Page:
BC Transit has a target to double its ridership to 100 million passenger trips by 2018.

Transit panel releases report

Local elected officials should get seats on the BC Transit board and have a say in directing higher level operations, says panel

  • Mon Aug 20th, 2012 7:00pm
  • News

Local elected officials should get seats on the BC Transit board and have a say in directing higher level operations, a review of BC Transit operations has recommended.

Transportation Minister Blair Lekstrom appointed a review team in March after complaints that the provincially appointed BC Transit board was making costly changes without consulting the communities whose fares and property taxes cover more than half the cost of transit service, totalling $546,000 in 2012’s City of Terrace budget. The panel released its recommendations last Tuesday.

It held 25 meetings with 40 local governments across the province and received 30 written submissions, including one from the combined group of the Regional District of Kitimat Stikine, the City of Terrace, the City of Prince Rupert, the District of Kitimat and the District of Port Edward.

“Local government hasn’t felt they had a seat early enough at the table,” said Lekstrom. “Much of this boils down to a communication issue… [but] it’s already getting much better.”

Terrace’s director of finance, Ron Bowles, said communication between the city and BC Transit has improved over the past year.

There were “issues with the relationship over the last few years,” he said. “Communication is absolutely up.”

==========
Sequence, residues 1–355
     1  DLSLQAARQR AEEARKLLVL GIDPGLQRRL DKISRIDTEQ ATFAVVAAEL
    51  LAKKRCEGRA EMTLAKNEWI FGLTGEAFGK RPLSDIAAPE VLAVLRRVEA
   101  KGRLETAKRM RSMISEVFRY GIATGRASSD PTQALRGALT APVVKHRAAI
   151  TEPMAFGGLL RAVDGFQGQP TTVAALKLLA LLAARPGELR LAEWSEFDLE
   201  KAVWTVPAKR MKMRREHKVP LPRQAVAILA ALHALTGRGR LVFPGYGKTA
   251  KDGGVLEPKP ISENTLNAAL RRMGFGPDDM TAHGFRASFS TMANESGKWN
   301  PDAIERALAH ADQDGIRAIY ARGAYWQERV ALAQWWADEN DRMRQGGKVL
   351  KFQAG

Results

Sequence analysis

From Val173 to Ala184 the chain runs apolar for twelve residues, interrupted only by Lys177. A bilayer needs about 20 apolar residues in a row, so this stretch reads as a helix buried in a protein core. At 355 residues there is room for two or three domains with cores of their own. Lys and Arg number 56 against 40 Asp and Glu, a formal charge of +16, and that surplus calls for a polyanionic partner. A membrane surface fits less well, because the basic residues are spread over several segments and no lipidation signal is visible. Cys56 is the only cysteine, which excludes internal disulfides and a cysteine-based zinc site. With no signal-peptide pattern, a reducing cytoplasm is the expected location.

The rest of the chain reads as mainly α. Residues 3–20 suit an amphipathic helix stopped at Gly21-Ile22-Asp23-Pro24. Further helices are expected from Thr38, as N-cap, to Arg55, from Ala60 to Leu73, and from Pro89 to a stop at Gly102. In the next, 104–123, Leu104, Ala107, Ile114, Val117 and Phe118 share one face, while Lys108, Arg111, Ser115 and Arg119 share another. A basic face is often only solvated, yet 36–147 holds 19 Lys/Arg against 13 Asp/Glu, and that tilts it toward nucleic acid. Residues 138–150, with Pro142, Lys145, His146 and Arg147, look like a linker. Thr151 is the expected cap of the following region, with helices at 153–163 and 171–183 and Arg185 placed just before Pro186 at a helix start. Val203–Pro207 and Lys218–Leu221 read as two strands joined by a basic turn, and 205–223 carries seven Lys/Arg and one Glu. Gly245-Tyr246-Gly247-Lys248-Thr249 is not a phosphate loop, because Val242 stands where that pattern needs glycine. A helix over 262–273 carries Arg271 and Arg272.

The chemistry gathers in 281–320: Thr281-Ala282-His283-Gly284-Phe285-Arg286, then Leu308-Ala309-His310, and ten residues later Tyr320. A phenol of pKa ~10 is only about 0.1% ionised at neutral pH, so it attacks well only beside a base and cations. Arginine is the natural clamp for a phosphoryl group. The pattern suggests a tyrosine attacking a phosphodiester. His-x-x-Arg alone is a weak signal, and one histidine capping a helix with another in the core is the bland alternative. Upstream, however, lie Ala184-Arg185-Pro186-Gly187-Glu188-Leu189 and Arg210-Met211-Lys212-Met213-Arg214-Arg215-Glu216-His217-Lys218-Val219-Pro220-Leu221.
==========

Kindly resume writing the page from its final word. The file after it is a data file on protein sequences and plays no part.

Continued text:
The report made 18 recommendations, including more input from local governments in BC Transit’s higher level operations, as dictated in the provincial government’s annual Letter of Expectations that sets the body’s mandate.

“We’d now have a say in that,” said Bowles, noting municipalities are a major funding partner for BC Transit. “That’s huge.”

Local governments bear the majority of the costs for transit in partnership with the B.C. government. In most of the 58 municipalities local governments contribute 53 per cent of the funding with the provincial  government paying the remaining 47 per cent.

When he ordered the review, Lekstrom ruled out any increase in the provincial share of funding.

Last week he declined to comment on specific recommendations until they have been reviewed by local communities and discussed at the annual fall Union of B.C. Municipalities convention.

“We look forward to what the minister has to say,” said Bowles,  noting that this was just a report to a minister and changes haven’t been implemented yet.

Recommendations include:

• a local government advisory panel to consult on system-wide capital expenditures

• local governments should share information on long-term transit budget changes, land use and zoning decisions

• the province should amend the BC Transit Act to allow multi-year operating agreements

• BC Transit should report to municipalities twice a year ridership, cost per capita, passengers per capita and other performance measures.